Approximately 1,300 grams of canola oil and approximately 6.5 grams of a commercial nickel hydrogenation catalyst (Engelhard, "N-545") corresponding to approximately 0.13 wt. % Ni, are placed in a hydrogenation reactor which is equipped with stirrer. The reactor is sealed and evacuated. The contents are heated to about 170° C. and hydrogen is fed into the reactor. Stirring at 450 rpm is maintained throughout the reaction. After about 10 minutes the temperature in the reactor is about 191° C. and the hydrogen pressure is about 11 psig. The temperature is held at about 190° C. After about 127 minutes from when the hydrogen feed began, the hydrogen pressure is about 10 psig. A sample of the reaction mass is drawn and found to have an iodine value of about 78.0 and a cis:trans ratio of about 1.098. After another about 20 minutes at about 190° C., the hydrogen pressure is about 9.8 psig. The hydrogen feed is discontinued and the reactor contents cooled with stirring. The final reaction product has an iodine value of about 74.5 and a cis:trans ratio of about 1.35.
The product that forms in the reactor is removed and filtered. It has a cloud point of about 22.2° C. The chain length distributions of the acyl substituents on the sample taken at about 127 minutes, and of the final product, are determined to be as shown in Table 1 in which "sat." means saturated, and "mono" and "di" means monounsaturated and diunsaturated, respectively.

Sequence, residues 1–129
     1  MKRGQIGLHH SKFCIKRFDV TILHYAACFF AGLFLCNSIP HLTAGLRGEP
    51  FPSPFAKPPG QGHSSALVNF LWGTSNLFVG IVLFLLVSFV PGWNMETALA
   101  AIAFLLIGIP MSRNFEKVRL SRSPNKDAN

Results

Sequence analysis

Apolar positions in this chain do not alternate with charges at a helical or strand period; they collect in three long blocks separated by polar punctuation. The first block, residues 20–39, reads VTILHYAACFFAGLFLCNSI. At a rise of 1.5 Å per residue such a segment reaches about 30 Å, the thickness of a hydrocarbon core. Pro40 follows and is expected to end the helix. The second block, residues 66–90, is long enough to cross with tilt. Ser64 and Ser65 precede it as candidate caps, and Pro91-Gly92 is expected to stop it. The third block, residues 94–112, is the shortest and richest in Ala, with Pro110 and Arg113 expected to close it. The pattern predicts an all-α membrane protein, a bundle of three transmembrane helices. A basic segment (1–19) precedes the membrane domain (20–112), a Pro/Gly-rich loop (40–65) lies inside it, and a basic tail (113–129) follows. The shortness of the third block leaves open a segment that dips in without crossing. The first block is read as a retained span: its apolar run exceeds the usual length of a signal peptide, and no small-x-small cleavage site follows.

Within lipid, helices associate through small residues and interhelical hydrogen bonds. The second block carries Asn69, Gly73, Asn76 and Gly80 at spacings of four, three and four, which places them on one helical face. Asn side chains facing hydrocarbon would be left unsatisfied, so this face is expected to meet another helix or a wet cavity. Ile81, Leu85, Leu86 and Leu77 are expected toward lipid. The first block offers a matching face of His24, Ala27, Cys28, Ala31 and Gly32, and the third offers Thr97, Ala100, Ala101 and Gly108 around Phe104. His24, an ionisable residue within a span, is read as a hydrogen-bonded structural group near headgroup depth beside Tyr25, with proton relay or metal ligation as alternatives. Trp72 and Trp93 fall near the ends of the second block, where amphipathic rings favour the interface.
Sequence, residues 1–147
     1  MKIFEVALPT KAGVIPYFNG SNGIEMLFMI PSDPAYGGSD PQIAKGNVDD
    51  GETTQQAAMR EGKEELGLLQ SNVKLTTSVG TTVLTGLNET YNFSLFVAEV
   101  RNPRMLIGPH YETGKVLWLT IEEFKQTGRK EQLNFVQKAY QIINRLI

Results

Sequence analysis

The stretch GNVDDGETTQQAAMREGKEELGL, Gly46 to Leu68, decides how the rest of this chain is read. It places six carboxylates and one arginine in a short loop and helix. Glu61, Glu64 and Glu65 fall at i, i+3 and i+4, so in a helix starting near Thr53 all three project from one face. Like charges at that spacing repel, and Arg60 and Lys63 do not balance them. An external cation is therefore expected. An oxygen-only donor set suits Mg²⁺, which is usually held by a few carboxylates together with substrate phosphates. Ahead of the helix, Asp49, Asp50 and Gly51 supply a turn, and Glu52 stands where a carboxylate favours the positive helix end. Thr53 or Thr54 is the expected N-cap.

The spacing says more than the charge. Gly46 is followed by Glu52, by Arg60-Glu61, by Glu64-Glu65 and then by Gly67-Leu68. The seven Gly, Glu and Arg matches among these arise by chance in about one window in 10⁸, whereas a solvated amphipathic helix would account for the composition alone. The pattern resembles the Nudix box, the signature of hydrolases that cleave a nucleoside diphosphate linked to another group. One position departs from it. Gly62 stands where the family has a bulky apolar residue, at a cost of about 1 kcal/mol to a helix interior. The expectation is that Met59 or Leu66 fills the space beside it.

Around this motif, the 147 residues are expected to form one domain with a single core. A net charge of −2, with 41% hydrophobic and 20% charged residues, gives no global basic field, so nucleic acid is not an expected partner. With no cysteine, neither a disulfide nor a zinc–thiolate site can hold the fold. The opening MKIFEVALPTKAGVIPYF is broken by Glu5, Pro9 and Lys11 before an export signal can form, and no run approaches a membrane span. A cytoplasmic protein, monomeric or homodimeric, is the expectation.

TABLE 1______________________________________ Approximate Percent (mol.)Chain length Sample @ 127 min. Product______________________________________C14-sat. 0.1 0.1C16-sat. 4.7 4.6C16-mono. 0.4 0.4C18-sat. 8.9 13.25C18-mono. 77.0 73.8C18-di. 4.5 3.1C20-sat. 0.7 0.75C-20-mono. 2.1 2.0Other 1.6 2.0______________________________________
About 1,300 grams of canola oil and about 5.2 grams of Engelhard "N-545" nickel hydrogenation catalyst are placed in a hydrogenation reactor which is equipped with a stirrer. The reactor is sealed and evacuated. The contents are heated to about 175° C. and hydrogen is fed into the reactor. Stirring is maintained at about 450 rpm throughout the course of reaction. After about 5 minutes the temperature in the reactor is about 190° C. and the hydrogen pressure is about 7 psig. The temperature is held at about 190° C. After about 125 minutes from the start of the hydrogen feed, the hydrogen pressure is about 7 psig. A sample of the reaction mass is drawn and found to have an iodine value of 85.4. After another about 20 minutes at about 190° C., the hydrogen pressure is about 6 psig. The hydrogen feed is discontinued and the reactor contents cooled with stirring. The final reaction product has an iodine value of about 80.0. The product that forms in the reactor is removed and filtered. It has a cloud point of about 18.6° C.